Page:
Eckert returns to Colorado National Monument
DENVER - Lisa E. Eckert, a 30-year veteran of the National Park Service (NPS), has been named superintendent at Colorado National Monument in western Colorado. Eckert will assume her new duties in mid-February.
"I am very pleased that Lisa has accepted this critical position, said Intermountain Regional Director John Wessels, who announced Eckert's appointment. "Lisa brings exceptional skills to this position and her knowledge about partnership-building will continue to serve the park and the Grand Valley community."
Eckert is no stranger to Colorado National Monument, having served there as a park ranger in the mid 1980s. She currently serves as superintendent at the NPS Horace M. Albright Training Center, located at the south rim of the Grand Canyon in Arizona. Prior to that assignment, she served as the superintendent at Knife River Indian Villages National Historic Site in North Dakota, Devils Tower National Monument in Wyoming, and the urban environment at Gateway National Recreation Area's Jamaica Bay Unit in New Your City. She also served as acting superintendent at Organ Pipe Cactus National Monument in Arizona.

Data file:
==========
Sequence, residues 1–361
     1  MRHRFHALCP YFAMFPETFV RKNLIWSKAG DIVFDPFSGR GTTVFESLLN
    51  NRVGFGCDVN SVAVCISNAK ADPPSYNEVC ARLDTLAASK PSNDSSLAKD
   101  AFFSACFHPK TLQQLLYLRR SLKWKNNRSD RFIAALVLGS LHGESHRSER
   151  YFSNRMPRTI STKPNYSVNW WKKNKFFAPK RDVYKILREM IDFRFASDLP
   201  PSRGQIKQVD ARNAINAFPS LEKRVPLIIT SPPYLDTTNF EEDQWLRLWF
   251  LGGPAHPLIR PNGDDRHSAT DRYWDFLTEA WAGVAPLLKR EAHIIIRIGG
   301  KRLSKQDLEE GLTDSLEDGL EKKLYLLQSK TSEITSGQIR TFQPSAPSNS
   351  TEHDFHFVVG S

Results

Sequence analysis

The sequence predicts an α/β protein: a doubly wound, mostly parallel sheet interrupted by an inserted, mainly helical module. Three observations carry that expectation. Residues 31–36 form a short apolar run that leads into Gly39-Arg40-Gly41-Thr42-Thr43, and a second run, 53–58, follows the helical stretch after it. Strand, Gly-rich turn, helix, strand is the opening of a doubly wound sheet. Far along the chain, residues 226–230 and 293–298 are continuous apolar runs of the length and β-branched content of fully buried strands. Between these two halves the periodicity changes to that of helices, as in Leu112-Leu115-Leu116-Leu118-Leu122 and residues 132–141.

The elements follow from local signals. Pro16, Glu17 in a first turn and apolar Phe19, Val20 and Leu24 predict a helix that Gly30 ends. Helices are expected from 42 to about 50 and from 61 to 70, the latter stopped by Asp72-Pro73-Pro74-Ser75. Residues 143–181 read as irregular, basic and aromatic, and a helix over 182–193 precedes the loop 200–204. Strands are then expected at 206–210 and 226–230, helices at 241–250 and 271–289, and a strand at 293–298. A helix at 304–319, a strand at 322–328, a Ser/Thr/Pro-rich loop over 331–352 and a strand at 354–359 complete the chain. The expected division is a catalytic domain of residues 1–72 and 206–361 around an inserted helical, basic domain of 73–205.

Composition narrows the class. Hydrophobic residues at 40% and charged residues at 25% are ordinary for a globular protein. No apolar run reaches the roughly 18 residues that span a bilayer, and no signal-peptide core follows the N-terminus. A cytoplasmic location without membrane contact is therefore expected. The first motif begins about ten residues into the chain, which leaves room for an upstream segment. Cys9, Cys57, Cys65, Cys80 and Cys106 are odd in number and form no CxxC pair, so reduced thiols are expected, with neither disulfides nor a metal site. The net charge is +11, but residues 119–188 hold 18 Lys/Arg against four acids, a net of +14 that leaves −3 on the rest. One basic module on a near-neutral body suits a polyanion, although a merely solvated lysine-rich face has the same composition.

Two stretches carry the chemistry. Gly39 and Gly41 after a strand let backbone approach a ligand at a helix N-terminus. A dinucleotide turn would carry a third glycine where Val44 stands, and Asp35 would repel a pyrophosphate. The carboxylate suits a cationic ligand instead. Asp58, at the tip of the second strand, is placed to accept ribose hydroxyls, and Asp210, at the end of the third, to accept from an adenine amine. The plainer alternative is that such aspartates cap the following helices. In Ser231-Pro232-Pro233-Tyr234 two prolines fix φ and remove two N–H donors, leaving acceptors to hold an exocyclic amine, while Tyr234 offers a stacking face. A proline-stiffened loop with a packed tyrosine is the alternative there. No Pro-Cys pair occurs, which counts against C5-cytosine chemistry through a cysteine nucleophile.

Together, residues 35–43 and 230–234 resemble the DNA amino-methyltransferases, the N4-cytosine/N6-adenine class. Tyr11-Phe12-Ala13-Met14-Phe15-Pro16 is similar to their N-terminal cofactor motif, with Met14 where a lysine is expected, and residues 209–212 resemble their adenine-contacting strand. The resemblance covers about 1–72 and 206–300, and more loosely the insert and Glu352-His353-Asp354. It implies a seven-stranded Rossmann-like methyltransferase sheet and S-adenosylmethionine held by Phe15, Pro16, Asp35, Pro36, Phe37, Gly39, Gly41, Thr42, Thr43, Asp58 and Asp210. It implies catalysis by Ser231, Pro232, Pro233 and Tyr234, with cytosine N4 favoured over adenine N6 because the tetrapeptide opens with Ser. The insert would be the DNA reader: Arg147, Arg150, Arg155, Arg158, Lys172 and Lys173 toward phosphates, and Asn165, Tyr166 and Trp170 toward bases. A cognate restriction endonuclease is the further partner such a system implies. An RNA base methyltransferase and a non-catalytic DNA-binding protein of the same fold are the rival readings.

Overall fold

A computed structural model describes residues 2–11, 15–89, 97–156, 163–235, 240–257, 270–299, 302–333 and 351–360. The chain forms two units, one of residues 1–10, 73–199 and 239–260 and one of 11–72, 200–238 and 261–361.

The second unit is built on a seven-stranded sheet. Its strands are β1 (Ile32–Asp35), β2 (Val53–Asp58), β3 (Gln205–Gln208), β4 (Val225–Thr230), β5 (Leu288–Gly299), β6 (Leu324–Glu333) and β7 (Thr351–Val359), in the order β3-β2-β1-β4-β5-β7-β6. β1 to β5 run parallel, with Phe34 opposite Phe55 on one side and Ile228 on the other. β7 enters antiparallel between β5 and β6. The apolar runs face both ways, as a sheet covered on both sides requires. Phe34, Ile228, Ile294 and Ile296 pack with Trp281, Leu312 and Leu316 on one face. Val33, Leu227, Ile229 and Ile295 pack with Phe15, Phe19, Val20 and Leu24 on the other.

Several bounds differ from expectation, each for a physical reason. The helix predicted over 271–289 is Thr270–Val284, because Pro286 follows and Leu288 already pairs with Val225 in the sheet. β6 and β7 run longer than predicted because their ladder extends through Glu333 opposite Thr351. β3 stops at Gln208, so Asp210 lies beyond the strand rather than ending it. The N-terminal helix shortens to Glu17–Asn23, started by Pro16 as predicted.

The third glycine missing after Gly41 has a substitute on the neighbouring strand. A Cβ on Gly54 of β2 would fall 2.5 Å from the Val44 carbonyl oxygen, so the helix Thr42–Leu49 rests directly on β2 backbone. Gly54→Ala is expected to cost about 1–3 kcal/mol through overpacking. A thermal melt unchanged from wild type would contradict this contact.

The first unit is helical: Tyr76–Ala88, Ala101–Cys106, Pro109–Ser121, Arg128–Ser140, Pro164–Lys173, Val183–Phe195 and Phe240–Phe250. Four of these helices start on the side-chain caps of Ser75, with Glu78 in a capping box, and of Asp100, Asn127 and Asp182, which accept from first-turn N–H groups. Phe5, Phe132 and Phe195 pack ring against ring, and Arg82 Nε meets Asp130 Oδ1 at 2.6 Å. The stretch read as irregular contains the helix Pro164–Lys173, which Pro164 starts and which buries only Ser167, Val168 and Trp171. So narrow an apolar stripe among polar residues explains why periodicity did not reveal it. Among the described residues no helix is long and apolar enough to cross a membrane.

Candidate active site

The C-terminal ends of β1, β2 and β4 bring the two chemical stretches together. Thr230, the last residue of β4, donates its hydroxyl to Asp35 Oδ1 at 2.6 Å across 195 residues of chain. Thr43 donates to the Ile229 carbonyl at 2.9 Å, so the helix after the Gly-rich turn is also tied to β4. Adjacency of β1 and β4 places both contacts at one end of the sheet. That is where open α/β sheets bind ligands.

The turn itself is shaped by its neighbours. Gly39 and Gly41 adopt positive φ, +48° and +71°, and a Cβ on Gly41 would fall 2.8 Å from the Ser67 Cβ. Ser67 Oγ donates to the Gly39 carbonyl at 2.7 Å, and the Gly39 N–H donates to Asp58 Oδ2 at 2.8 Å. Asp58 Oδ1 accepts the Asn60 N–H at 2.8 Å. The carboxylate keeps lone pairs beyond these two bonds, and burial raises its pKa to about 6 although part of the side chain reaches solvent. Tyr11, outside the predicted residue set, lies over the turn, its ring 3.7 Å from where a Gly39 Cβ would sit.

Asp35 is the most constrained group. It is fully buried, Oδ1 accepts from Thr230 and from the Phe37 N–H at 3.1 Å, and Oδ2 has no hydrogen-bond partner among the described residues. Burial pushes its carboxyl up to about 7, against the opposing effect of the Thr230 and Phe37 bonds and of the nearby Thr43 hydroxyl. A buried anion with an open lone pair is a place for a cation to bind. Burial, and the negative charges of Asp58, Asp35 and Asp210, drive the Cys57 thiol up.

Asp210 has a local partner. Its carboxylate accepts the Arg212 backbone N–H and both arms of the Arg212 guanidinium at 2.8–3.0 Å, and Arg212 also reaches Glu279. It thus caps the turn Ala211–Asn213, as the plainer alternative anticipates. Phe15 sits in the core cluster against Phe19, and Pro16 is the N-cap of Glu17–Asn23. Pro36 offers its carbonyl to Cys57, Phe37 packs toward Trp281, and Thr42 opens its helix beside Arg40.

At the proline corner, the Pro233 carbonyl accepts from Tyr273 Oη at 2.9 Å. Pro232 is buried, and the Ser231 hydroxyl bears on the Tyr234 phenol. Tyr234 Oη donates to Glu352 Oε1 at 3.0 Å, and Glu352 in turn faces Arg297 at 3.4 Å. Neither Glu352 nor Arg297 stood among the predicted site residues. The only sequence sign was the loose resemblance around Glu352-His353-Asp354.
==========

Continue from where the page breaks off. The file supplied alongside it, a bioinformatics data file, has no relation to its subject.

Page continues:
Eckert began her NPS career in 1979 at Yellowstone National Park in Wyoming. Other assignments include Shenandoah National Park and George Washington Memorial Parkway in Virginia, and Denali National Park and Preserve in Alaska as the chief of interpretation. She was a member of the Department of Interior's International Technical Assistance Program, teaching interpretive skills to Croatian war refugees.
"It is with great pleasure and honor that I return to Colorado National Monument as its next superintendent. I first came to the Monument in 1984 as a seasonal ranger and returned again in 1989 as a permanent ranger. My daily commitment and joy in each of those positions was protecting and immersing myself in the unique resources and spending time with Grand Valley school children. I feel like I am coming home to the familiarity of red rock canyons and intend to renew former as well as create new partnerships."
Eckert is a native of the Midwest, born and raised in Madison, Wisconsin. Her bachelor's degree, Biological Aspects of Conservation, is from the University of Wisconsin-Madison.
Did You Know?
Colorado National Monument's 23-mile Rim Rock Drive was built almost entirely using picks, shovels, and sheer muscle strength to remove massive rocks and debris. The engineering skill of Rim Rock Drive workers can be seen today in the road's tunnels and stonework. More...